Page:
Bloomberg News

N. Korea Ends Mourning With Eulogies Heralding ‘Kim Jong Un Era’

January 04, 2012

Dec. 29 (Bloomberg) -- Kim Jong Un, North Korea’s new leader, stood on a balcony above Pyongyang’s Kim Il Sung Square named for his grandfather, where tens of thousands of people gathered to hear eulogies that ended a period of national mourning for his father.

State television today broadcast Kim Yong Nam, president of the Presidium of the Supreme People’s Assembly, praising the achievements of Kim Jong Il, and images of a smiling portrait of the dictator erected in the square. Red banners adorned buildings with the words: “Let’s serve the idea and leadership of respected Kim Jong Un with steadfast loyalty!”

The memorial services, which featured silent prayers, artillery salutes and vows of allegiance to Kim Jong Un, are designed to bolster the standing of the new leader. The stability of North Korea, which the U.S. estimates has enough plutonium for a half-dozen nuclear devices, may depend on backing the younger Kim gets from regime stalwarts like Kim and Politburo member Choe Thae Bok.

“The fact that veteran politicians like Choe and Kim were today’s keynote speakers, shows that the regime will for the time being maintain the status quo -- a system centered around the young Kim with key elders supporting him,” said Yang Moo Jin, a professor at the University of North Korean Studies in Seoul. “The ceremony marked the end of a Kim Jong Il-era, thus proclaiming the de facto start of a Kim Jong Un era.”

At both yesterday’s funeral and today’s ceremony, Kim Jong Un was surrounded by members of the North Korean ruling elite. His uncle, Jang Song Thaek, walked behind him yesterday as they accompanied the hearse carrying Kim Jong Il’s body through the capital’s snow-covered streets.

‘Bloody Tears’

“With bloody tears for our deceased Great General, we vow to hold Kim Jong Un high as another general, supreme leader of ours,” Kim said in his eulogy, according to a report by the North’s official Korean Central News Agency.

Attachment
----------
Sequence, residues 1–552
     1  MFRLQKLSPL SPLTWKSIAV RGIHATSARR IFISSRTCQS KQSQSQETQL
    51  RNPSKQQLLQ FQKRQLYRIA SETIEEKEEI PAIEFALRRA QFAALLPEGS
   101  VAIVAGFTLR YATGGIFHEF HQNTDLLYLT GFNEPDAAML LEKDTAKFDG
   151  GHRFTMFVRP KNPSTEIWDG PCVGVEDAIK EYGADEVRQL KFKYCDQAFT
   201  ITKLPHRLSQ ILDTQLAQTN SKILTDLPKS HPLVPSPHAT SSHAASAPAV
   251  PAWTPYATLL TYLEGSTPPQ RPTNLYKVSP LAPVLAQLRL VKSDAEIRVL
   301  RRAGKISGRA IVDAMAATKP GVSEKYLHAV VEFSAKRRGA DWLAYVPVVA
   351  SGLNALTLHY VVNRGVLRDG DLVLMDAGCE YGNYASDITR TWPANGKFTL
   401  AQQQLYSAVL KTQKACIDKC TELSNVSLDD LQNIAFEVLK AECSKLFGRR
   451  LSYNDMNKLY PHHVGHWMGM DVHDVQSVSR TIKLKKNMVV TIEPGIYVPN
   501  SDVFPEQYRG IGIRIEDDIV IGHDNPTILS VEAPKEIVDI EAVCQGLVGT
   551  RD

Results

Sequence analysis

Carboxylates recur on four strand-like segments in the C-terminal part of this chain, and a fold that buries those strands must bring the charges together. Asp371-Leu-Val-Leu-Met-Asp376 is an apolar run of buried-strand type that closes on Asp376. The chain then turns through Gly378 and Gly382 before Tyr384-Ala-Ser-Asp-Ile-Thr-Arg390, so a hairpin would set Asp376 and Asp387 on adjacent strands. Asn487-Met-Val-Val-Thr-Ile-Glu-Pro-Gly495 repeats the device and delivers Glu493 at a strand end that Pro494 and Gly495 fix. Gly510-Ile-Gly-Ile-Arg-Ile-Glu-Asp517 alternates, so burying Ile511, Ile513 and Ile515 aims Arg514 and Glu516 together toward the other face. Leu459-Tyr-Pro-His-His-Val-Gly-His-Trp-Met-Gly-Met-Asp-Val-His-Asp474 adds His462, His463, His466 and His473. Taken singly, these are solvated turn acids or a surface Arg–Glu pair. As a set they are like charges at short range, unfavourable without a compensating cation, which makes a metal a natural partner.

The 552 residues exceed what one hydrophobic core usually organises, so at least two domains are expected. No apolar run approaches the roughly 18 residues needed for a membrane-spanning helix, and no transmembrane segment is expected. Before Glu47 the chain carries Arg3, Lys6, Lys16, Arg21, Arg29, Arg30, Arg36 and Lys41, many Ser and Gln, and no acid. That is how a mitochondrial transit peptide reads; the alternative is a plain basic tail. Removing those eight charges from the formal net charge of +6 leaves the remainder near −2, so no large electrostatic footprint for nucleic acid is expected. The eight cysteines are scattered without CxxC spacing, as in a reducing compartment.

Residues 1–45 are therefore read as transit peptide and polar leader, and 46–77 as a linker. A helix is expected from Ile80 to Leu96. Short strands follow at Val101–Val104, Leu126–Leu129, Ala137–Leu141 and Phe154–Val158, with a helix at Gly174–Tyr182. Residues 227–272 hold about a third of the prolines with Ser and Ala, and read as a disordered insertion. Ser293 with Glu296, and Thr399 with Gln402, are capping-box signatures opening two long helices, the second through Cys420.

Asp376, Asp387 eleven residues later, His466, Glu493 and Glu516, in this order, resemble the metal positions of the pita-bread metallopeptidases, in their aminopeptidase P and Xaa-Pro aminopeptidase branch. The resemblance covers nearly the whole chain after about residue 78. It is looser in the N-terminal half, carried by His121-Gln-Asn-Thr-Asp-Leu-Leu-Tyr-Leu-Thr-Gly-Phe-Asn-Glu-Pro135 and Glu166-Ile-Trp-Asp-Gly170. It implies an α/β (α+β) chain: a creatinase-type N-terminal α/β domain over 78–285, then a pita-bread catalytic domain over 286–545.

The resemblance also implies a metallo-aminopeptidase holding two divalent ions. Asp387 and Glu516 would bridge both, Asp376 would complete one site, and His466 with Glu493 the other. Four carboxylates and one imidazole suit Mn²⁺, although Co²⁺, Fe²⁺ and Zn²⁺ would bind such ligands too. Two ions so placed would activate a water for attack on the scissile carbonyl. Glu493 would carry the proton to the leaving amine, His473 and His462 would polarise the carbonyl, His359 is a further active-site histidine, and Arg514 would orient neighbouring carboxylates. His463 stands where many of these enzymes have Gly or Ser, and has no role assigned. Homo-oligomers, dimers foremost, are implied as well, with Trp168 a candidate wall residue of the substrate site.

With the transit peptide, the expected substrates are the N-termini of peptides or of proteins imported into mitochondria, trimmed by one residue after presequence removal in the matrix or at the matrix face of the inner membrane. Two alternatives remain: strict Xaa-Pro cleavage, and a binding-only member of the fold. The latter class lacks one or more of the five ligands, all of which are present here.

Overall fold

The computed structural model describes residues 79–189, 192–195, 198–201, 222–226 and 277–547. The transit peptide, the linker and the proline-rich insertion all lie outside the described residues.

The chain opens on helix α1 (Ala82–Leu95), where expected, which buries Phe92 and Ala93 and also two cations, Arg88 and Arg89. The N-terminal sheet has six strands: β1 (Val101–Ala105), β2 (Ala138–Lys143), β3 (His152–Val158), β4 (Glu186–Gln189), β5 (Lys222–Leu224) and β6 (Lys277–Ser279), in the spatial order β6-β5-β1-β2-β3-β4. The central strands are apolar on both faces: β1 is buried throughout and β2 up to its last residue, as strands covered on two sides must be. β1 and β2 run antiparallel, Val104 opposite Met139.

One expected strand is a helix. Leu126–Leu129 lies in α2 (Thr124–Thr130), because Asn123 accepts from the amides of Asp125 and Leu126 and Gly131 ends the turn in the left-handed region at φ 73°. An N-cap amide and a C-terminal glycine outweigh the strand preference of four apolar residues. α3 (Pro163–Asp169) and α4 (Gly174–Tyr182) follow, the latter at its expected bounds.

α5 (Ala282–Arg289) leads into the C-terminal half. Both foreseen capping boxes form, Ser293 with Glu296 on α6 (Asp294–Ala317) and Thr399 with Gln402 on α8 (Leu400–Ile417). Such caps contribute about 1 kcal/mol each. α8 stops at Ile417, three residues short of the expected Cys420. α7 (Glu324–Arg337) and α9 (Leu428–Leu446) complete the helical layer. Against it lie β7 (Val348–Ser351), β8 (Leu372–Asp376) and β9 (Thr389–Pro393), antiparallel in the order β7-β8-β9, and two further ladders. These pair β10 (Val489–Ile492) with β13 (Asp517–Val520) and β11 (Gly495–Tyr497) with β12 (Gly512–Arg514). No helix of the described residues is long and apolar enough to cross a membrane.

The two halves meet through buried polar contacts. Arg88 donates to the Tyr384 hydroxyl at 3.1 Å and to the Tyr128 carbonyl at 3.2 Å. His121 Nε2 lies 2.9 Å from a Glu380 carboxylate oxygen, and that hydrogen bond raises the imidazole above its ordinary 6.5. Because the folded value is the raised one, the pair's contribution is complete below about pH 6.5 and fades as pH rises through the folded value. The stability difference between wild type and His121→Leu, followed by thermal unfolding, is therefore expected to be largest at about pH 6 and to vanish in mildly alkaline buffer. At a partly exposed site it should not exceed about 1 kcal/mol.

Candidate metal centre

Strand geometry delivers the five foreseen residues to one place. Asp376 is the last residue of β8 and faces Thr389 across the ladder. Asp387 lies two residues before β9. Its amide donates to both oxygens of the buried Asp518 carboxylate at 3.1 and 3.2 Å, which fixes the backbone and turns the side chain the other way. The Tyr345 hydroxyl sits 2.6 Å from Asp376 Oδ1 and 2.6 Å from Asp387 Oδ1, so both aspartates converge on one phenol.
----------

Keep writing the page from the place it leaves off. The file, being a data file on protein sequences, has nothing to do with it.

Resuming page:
People in the square stood with their heads bowed as a three-minute siren sounded, marking the end of the period of mourning. State-run KCTV broadcast a military choir singing “The Song of General Kim Jong Il” as the ceremony ended.

State media have sketched the image of the younger Kim, thought to be 28 or 29, solidifying his hold on succession, referring to him as “supreme leader of the revolutionary armed forces” and “great successor” to his late father and grandfather.

“Authorities are trying to indirectly communicate to the people that the transition is stable, that the new leader is stable,” Kim Yong Hyun, a professor of North Korea studies at Dongguk University in Seoul, said after yesterday’s funeral.

Regime Hierarchy

Concerns that the political outlook in the North could worsen contributed to a slump in consumer confidence in South Korea, which fell to a three-month low in December, according to a survey released Dec. 27. The Kospi slid 3.4 percent on Dec. 19 when Kim Jong Il’s death was announced, then rallied 4 percent the next two trading days. The Kospi was up 0.4 percent at 2:32 p.m. today in Seoul.

Observers around the world are scrutinizing images from the memorial and yesterday’s funeral for signs of changes in the regime’s power hierarchy under its new leader.

It is difficult to tell whether a regency-type system will develop, led by Kim Jong Un’s uncle Jang Song Thaek, Kim said. “For now, it’s evident that the system is being centered around Kim Jong Un,” he said.

--With assistance from Peter Hirschberg in Hong Kong. Editors: Peter Hirschberg, Brett Miller

To contact the reporter on this story: Sangwon Yoon in Seoul at syoon32@bloomberg.net

To contact the editor responsible for this story: Peter Hirschberg at phirschberg@bloomberg.net


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